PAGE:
The fall of Aleppo and the big fall of Syria

October 5, 2016

 Horrific footage streaming on a daily basis from eastern Aleppo of parents digging in the rubble of their homes to rescue their beloved ones has shaken the globe, hitherto it has no foreseen effects to end the tragedy of Syrians.

 

Breaking a shattered ceasefire which was brokered earlier by Russia and the U.S, Russian and Syrian regime forces embarked on a deadly military campaign with the aim of capturing Aleppo: the last major urban area held by rebels. This onslaught marks the second year of Russia’s intervention in Syria, and more than ever, Putin looks very determined to obtain military gains on the ground so he can advance his agenda on the political scene. For Putin, controlling Aleppo would yield him a great leverage over all players in the drama and would emphasise his role as a pivotal actor in the region. Ignoring international pleas to stop the violence, Russian jets continue to throw innovative types of air-drooped incendiary weapons on eastern Aleppo, adding a new War Crime to a heavy criminal record in Syria. U.N chief Ban Ki-moon described the situation as worse than a "slaughterhouse", and a UNICEF top official declared that what is happening in Aleppo is “defiantly the worst we have seen”. Yet, unsurprisingly, the International community is paralysed to stop the violence, and is incapable of introducing any deterrence measure.


Undoubtedly, the Aleppo battle is extremely crucial in drawing the road map for the, now, five and half year drastic war in Syria. Controlling Aleppo would impose a new reality on the ground and on any negotiation table; the one who captures Aleppo would acquire the keys to changing the rules of the game. After the Russian onslaught last week, the power balance shifted dramatically toward the Assad regime and its allies yielding them leverage over their foes while no carrot neither stick are there for the West to counter such leverage. On the other hand, rebels on the ground seem to be in their worst situation ever with no supplies or international backing; as Turkey fluctuated its stances and is now busy fighting the Kurds, and Gulf States are still hesitant in handing the opposition sophisticated anti-craft missiles. And even if the latter did so, such missiles are far less sufficient to thwart the Sukhoi’s incendiary bombs, instead, they would prolong the fight.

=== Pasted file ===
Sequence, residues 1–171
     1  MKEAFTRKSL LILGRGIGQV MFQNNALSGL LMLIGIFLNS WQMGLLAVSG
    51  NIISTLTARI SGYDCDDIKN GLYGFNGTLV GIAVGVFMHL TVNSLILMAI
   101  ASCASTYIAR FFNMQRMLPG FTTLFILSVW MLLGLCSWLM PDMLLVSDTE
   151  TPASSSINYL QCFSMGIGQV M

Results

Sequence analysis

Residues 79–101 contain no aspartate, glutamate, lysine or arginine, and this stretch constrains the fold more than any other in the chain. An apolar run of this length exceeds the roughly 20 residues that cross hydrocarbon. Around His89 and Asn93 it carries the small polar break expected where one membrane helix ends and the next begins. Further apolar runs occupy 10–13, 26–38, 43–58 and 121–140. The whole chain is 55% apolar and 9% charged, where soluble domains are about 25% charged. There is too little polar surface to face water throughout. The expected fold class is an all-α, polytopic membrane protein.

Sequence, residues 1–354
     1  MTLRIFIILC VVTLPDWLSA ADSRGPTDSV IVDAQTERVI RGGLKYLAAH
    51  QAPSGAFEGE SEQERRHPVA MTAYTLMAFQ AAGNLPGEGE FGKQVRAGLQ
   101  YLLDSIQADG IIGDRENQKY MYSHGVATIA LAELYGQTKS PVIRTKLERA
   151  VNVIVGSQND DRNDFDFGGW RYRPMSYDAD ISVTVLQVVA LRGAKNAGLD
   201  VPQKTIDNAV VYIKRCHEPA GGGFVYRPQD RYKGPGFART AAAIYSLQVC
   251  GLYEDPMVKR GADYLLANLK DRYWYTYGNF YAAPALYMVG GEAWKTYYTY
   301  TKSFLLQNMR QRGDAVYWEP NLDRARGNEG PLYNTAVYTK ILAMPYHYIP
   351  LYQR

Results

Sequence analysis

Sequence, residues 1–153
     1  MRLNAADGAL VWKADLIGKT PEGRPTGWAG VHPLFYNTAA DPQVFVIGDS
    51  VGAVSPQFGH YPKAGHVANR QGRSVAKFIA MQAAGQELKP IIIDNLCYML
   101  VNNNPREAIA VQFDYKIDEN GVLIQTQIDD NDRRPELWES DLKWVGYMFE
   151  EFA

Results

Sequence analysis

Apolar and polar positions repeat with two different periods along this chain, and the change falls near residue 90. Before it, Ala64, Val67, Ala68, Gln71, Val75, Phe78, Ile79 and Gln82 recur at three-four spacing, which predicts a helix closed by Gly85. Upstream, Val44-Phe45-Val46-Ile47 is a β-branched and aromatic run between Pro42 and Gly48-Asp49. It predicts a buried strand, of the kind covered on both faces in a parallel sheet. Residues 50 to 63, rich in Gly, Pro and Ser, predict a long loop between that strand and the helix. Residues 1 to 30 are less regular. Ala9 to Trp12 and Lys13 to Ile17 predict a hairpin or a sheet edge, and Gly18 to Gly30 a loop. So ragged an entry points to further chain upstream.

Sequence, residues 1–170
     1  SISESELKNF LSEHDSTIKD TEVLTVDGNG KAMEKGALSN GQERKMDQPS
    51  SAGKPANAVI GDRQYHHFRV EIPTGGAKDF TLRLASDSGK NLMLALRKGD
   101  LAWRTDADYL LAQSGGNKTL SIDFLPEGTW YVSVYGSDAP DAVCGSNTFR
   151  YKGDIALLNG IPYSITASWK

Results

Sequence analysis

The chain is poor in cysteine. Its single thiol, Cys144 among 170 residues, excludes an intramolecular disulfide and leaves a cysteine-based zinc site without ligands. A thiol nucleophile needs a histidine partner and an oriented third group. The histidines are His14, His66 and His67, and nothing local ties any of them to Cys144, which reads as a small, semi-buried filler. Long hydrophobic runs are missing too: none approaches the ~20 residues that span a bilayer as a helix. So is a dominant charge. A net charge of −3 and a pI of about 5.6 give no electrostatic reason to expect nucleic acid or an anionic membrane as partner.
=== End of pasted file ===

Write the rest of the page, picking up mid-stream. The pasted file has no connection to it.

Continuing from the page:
In this context, U.S Secretary of State John Kerry’s threats to halt ‘cooperation’ with Russia falls on Russian deaf ears; since the top man of  Kremlin seems indomitable to maintain his agenda as long as there is no one to deter him and no "red lines" to take into account.

 

Indeed, the failure of diplomacy indicates a necessity to apply hard power to prevent a fatal shake up in the power balance. Therefore, Western powers should promptly respond to prevent the fall of Aleppo; imposing a no-fly zone is now a crucial step. The fall of Aleppo would have lethal repercussions on the ongoing war and on the post-war Syria; radicalisation and sectarianisation of both sides are escalating; Shia fighters including Iranian revolutionary guards, Hezbollah soldiers and Iraqi fighters and afghan mercenaries are massing for a final assault on Aleppo. In this light, Akram al-Kaaby; the leader of al-Nujba Iraqi Shiite militia arrived earlier this week in Aleppo to greet the Iraqi soldiers on the frontline. This portrays the battle as a Sunni/Shiite holy war, which inflames the polarisation and sectarianisation of the conflict. Surely, this accelerates the process of radicalising Sunni rebels instead of deradicalising them, and with no surprise, it pushes them towards extremist groups. Before its farewell, the current U.S administration should carefully calculate its policies so it can realise that the risks of inaction overweigh the risks of action on the Syrian scene. When speaking about American action one excludes the form of a military offensive, rather, advocating a no-fly zone is what is possible.


At this time last year, Obama said that the Russian intervention in Syria will suck Moscow into a ‘quagmire’. In truth, the American inaction is what would trigger this quagmire to flood the globe. Mr. Kerry was absolutely right when he stressed, during a Security Council meeting in New York last month, that Syria’s future is "hanging by a thread"; yet this thread is now wrapped on the American hand more than ever.

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